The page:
Lucky me. When I logged on two hours ago to print out notes for tonight's International Economics class (the lecturer always mails out his notes in PDF format on the day of the class), I was rewarded with the news that he is unable to have class tonight. So I'm free, free! I was originally scheduled to go to the Prime Minister's Teachers' Day Rally, but when I realized I had a conflict with class, I cajoled a colleague into going in my stead --- which is a real pity because I want to go for the Rally, not out of some misplaced political optimism but because I'm pretty sure the PM is going to launch some new bombshell about the direction of education tonight and I would've liked to be there to hear it and fall out of my seat in shock.
So I'll have to settle for listening to it on TV at 7:32 pm, which is when the local global news channel (and I'm quite aware of the possible oxymoron in that phrase) is going to broadcast said rally. I'm sure if it's some drastic piece of news, my husband will message me immediately so that I can fall out of my computer chair here at home in sync with him.
Anyways. While waiting for 7:32 pm to swing round, I'll catch up on the last two days' events.
Thursday was uneventful. My JC2 (an abbreviation for second-year junior college) students took their General Paper Preliminary examination in the morning. Most of them were suitably horrified at the difficulty of the exam. I must confess that the passage that was set for the comprehension part of the exam was something with such sophisticated style that I wouldn't've even handed it out for class reading. The vocabulary ranged from "triage" to "genuflexion" (and spelled archaically with an 'x') and finally "perpetuum", which I was convinced was a word coined by the writer but one of my colleagues who set the exam assured me that it existed in its own right.
My colleagues and I now fear the worst for the students' results, though part of me --- the intellectually snobbish part --- has no compassion for the students, since I'm convinced that anyone who reads half as widely as the General Paper course requires them to read would have no trouble completing the comprehension exercise. Of course, I'm privileged to teach a very bright, very motivated class who digests articles from The Economist or Salon without much ado; most of the GP students at my school complain if they have to read a one-page Time essay.
Post-examination, I hid in the computer lab and scanned more Vancouver/Seattle pictures. Can I just reiterate how much I love the HP 3400 that my school bought?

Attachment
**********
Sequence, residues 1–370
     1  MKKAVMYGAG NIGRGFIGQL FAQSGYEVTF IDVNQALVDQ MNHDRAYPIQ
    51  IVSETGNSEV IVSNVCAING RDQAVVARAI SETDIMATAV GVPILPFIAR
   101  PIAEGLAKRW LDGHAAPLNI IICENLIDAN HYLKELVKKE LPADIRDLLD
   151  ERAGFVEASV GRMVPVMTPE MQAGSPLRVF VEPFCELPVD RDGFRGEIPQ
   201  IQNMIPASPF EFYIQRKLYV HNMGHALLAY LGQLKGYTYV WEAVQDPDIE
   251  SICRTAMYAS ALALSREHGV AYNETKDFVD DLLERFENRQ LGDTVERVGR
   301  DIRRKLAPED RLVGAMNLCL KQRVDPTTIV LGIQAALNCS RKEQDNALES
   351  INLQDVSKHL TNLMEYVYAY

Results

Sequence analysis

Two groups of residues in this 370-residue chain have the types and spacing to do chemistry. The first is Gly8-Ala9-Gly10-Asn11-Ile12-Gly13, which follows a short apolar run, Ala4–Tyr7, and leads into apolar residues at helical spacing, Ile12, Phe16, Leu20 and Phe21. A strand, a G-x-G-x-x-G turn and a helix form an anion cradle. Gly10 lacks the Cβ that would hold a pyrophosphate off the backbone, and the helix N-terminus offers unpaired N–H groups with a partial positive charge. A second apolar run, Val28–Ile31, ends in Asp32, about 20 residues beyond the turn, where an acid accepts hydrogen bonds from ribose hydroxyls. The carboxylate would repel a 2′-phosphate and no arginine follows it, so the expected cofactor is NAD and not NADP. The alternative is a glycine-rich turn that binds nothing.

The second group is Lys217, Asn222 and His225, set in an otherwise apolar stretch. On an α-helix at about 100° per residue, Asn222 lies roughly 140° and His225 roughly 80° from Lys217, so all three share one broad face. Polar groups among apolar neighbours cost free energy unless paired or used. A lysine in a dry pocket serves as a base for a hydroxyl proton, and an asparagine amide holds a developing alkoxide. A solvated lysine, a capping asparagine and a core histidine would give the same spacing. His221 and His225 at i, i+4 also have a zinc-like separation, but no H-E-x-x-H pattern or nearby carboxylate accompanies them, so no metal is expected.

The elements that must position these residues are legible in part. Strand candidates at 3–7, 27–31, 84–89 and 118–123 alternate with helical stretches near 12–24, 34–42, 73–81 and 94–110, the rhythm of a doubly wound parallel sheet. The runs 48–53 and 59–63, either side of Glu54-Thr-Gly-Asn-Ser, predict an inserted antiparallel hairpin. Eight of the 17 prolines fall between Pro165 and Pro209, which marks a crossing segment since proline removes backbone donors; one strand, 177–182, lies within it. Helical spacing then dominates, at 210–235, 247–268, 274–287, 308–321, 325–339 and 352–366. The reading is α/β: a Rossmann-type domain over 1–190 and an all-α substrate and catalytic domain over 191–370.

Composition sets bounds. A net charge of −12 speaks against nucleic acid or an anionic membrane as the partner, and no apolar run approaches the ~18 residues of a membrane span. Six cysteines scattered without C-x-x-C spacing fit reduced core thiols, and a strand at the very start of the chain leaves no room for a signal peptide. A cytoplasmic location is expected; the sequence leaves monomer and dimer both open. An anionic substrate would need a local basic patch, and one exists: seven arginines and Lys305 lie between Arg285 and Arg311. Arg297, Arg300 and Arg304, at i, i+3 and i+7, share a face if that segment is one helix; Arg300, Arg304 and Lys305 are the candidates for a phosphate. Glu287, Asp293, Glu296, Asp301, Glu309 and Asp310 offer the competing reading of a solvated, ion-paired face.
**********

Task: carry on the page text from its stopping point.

Post-scannage, I went for lunch with two colleagues: HS, who sits beside me, and Mel, who sits in my row. We are great pals partly because we all went to junior college in the very school where we now teach together. We were all students in the Humanities Program, though in different classes and without knowing each other very well then. We're much more buddy-buddy with each other now that we teach together and the same subjects too (i.e. General Paper and English literature). We had lunch at Secret Recipe --- which, for you map-reading Singaporeans out there, is across the street from Henry Park Primary School --- and the spicy chicken cornish gets my firm two thumbs' up.
I took the car yesterday, so I had to pick Terz from his school at 2ish in the afternoon. He had his hair cut at Parkway Parade --- a neighborhood shopping center --- while I went a little nuts in The Body Shop. Okay, so I just wanted to get some perfume there because I've been getting an itch with my regular perfumes and I figure The Body Shop stuff is more hypoallergenic. But of course, they turn out to be having a sale with a good deal on this and that --- and by the time I walk out of the store, I've spent fifty bucks on the perfume and some cotton swabs and a bath lily, all of which entitled me to a free pack of sample-sized products. What can I say? I'm a sucker for free gifts.
In the afternoon, I slept. I've been low on sleep all week this week, mostly because my sleep cycle got a little knocked out of whack from seeing G off to London at the airport at midnight on Monday. I got up at 6, showered, got dressed, bugged Terz to get dressed, then we headed off for our respective Teachers' Day dinners. (More about what the hell Teachers' Day is in a while, for you non-Singaporean fans out there.)